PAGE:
Insurance Australia Group - New Zealand's largest general insurer - says its customers who live in areas prone to natural disasters and severe weather may have to pay more for insurance.

From July 1 the insurer will take more account of risk in its premiums and roll out changes to all its brands as well as the insurance its sells through banks ASB, BNZ, The Co-Operative Bank and Westpac.

Last year it changed the premiums for its AMI and State Insurance customers to take into account risk from earthquakes and floods with some areas seeing an average premium increase of $91 and others an average cut of $54.

But now the insurer plans to roll out its risk-based pricing across the board for all its home and contents policies. This follows a similar move by Tower Insurance in April 2018.


Kevin Hughes, executive general manager customers and consumer at IAG, said the change was being made because it needed to "reflect the level of risk and costs associated with providing insurance cover, including reinsurance costs."

"Every customer and every property is different and so every policy will be affected differently, whether that be a price increase or decrease."

He said in general the top of the North Island was seen as less risky while the East Coast down to Wellington was more risky but he said there would be variations within areas.

Overall the amount of premium revenue IAG collected would stay the same but the mix would be different depending on the risk to the property.

Hughes said New Zealand's environmental risks had evolved over the past few years.

"We need to take more account of those risks, so we can continue to be there for our customers across New Zealand when misfortune strikes."

Hughes said it realised the changes would be a challenge for some customers.

"We will work through this with them.


"There are a range of options available to customers to make this easier, including taking a higher excess or adjusting the frequency of payments to suit them.

"We will continue to provide solutions and work to make insurance as affordable as possible."

Hughes said it didn't lose many customers when it made the changes last year as many of the other players were also moving to risk-based pricing.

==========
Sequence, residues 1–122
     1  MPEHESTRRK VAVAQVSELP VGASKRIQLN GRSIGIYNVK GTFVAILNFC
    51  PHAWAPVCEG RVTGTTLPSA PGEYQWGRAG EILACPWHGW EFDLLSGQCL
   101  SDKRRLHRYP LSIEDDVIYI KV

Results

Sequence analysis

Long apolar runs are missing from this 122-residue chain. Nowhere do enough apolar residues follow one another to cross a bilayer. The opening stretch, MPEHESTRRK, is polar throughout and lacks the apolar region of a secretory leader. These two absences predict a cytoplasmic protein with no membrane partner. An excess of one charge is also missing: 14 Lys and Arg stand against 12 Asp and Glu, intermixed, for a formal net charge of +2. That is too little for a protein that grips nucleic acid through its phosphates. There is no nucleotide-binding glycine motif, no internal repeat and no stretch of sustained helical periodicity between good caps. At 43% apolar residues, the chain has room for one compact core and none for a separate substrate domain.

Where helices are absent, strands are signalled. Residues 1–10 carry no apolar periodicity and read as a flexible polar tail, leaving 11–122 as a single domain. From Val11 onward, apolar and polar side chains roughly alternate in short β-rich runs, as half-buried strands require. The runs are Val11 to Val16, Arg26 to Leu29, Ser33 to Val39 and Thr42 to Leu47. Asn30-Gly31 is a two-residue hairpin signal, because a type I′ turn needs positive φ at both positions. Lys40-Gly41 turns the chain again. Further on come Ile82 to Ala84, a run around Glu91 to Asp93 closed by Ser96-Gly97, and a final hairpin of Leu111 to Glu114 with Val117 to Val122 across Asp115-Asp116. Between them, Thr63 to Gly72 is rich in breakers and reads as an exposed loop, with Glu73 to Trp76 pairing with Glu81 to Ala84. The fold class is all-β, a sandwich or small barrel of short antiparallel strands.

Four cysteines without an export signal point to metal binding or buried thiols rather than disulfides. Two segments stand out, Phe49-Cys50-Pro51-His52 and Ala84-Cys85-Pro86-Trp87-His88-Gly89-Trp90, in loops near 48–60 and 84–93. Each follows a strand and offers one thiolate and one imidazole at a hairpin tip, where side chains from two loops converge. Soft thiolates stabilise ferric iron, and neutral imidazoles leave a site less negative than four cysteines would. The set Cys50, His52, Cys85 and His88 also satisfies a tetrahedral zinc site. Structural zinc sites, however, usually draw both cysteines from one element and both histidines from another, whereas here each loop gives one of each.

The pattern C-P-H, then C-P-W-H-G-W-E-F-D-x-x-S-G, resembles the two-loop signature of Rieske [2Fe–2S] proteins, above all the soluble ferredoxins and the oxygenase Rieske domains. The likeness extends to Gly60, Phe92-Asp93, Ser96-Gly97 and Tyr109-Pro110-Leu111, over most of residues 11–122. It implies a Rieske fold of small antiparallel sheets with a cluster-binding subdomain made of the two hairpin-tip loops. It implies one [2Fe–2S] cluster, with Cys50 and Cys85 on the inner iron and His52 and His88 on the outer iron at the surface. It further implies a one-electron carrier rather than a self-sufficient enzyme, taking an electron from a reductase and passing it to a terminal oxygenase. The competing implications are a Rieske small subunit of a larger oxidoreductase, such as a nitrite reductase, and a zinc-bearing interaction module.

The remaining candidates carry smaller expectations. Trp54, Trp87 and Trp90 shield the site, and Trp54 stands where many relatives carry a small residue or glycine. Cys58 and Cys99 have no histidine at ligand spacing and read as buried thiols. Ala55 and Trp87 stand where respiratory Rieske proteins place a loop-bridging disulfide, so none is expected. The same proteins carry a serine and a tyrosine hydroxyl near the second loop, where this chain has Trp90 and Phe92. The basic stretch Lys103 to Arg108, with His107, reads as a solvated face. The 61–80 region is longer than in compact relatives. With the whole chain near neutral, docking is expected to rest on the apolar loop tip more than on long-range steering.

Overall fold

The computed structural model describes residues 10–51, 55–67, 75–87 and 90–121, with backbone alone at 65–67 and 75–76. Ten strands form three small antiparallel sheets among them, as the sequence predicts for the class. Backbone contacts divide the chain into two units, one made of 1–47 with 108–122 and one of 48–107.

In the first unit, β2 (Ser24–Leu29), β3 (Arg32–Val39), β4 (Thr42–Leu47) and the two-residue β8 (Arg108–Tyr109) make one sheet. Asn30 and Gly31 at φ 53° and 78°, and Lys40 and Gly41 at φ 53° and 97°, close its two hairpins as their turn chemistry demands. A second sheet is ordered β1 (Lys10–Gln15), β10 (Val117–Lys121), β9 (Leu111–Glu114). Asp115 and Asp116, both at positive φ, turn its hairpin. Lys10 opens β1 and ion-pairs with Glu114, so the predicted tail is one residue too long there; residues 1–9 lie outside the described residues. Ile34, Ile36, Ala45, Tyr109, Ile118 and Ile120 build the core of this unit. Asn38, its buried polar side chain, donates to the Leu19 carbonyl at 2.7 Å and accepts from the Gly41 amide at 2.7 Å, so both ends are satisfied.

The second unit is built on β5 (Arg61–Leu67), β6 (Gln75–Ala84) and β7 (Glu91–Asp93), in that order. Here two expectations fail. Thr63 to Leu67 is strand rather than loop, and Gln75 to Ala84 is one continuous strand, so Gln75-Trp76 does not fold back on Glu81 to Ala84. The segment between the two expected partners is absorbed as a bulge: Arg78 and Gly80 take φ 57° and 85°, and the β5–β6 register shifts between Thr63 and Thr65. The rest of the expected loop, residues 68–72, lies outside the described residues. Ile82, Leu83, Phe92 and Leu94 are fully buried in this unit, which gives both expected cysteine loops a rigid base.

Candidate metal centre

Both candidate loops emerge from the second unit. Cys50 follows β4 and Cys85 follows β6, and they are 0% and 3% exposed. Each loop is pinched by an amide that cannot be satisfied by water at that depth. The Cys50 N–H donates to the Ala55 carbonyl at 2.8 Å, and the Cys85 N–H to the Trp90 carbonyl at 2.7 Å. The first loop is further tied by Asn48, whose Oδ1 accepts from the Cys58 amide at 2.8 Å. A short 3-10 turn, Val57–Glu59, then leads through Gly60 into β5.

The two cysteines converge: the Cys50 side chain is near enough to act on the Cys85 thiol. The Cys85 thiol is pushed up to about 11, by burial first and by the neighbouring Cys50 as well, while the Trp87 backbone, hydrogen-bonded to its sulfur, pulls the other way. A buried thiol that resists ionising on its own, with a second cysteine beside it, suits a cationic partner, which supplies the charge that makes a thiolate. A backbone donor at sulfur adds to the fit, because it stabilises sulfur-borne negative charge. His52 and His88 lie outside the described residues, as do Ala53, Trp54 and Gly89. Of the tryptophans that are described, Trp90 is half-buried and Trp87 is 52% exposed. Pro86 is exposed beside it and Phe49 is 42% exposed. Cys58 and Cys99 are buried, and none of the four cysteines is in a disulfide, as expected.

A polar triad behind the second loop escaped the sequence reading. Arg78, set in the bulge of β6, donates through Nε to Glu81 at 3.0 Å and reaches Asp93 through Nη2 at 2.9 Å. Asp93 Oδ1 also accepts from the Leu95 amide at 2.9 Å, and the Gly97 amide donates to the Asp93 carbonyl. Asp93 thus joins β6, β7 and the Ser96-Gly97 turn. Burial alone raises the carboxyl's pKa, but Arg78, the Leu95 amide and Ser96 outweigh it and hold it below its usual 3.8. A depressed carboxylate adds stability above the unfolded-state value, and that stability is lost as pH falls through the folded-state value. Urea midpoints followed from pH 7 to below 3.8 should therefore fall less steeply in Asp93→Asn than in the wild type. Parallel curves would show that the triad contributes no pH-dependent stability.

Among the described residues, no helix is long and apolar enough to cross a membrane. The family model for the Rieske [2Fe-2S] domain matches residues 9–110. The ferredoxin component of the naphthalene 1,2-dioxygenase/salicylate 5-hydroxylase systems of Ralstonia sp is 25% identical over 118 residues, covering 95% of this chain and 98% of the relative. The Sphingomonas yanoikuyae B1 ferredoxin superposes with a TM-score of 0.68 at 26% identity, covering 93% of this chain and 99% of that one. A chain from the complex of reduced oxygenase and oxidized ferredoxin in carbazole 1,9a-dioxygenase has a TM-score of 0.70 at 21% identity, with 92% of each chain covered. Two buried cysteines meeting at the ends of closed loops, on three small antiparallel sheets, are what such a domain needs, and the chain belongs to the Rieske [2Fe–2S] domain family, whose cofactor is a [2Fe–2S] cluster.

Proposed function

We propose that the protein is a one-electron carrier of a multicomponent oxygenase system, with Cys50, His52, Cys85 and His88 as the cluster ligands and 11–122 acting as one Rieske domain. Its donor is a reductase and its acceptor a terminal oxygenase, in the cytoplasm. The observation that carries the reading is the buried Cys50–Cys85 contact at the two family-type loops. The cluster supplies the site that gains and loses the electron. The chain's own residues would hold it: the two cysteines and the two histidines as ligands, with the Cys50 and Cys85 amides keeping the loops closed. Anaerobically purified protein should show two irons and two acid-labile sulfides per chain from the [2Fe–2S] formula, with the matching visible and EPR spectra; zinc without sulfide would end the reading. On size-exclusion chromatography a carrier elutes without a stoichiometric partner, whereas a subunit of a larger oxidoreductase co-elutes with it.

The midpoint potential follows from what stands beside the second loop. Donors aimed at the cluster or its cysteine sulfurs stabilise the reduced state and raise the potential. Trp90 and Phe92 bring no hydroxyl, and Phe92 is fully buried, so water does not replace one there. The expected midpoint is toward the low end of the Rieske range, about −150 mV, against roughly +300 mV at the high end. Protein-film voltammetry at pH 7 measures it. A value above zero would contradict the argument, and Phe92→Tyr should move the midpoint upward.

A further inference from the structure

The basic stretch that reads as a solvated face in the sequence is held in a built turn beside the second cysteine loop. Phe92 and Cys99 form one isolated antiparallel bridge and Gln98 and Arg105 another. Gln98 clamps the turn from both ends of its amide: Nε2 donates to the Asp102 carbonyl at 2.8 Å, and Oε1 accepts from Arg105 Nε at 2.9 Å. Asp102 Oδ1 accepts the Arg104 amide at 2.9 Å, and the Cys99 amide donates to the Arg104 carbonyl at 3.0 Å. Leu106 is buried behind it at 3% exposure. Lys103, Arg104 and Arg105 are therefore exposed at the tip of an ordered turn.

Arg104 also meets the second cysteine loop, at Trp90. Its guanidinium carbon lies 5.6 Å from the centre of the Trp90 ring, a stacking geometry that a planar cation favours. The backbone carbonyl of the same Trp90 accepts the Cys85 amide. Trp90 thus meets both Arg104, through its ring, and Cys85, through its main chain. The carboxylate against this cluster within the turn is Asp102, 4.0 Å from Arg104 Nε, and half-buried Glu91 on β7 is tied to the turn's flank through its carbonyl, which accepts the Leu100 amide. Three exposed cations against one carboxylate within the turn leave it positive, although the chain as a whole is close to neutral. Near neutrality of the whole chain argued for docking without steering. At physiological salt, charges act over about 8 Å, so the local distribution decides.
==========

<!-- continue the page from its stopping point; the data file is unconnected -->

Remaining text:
The impact from these changes would likely differ across of the platforms it used to sell the insurance, he predicted.

But it was being very proactive to those most affected by the changes.

Jeremy Holmes, an actuary at Melville Jessup Weaver specialising in insurance risk, said it was no surprise IAG was rolling out the risk-based pricing across its business and most insurers were using it to varying degrees now.

"Not every insurer has got on board with this but as more and more do it others will be obligated to follow," he predicted.

Holmes expected there would be specific areas where people faced big increases and some would have to wear the cost as a condition of their mortgage. Those who wanted to sell up could see the price impacted.

He urged people to check whether a property could get insurance and the cost of it before purchasing.

IAG came under fire last month over its moves in Wellington with some claiming it had pulled out of the market.

IAG said it was still operating in Wellington but had changed its focus to servicing existing customers.

Today a spokeswoman for the insurer said it was open for business in Wellington and was accepting requests for cover from new and existing customers, subject to normal underwriting procedures.

IAG has around 46 per cent of the New Zealand general insurance market.

The IAG changes come at the same time as the Earthquake Commission is changing its cover.

From 1 July, EQC will pay up to $150,000 plus GST per residential home up from $100k but will no longer provide cover for contents.

The change will reduce the cost of home insurance but increase it for content cover.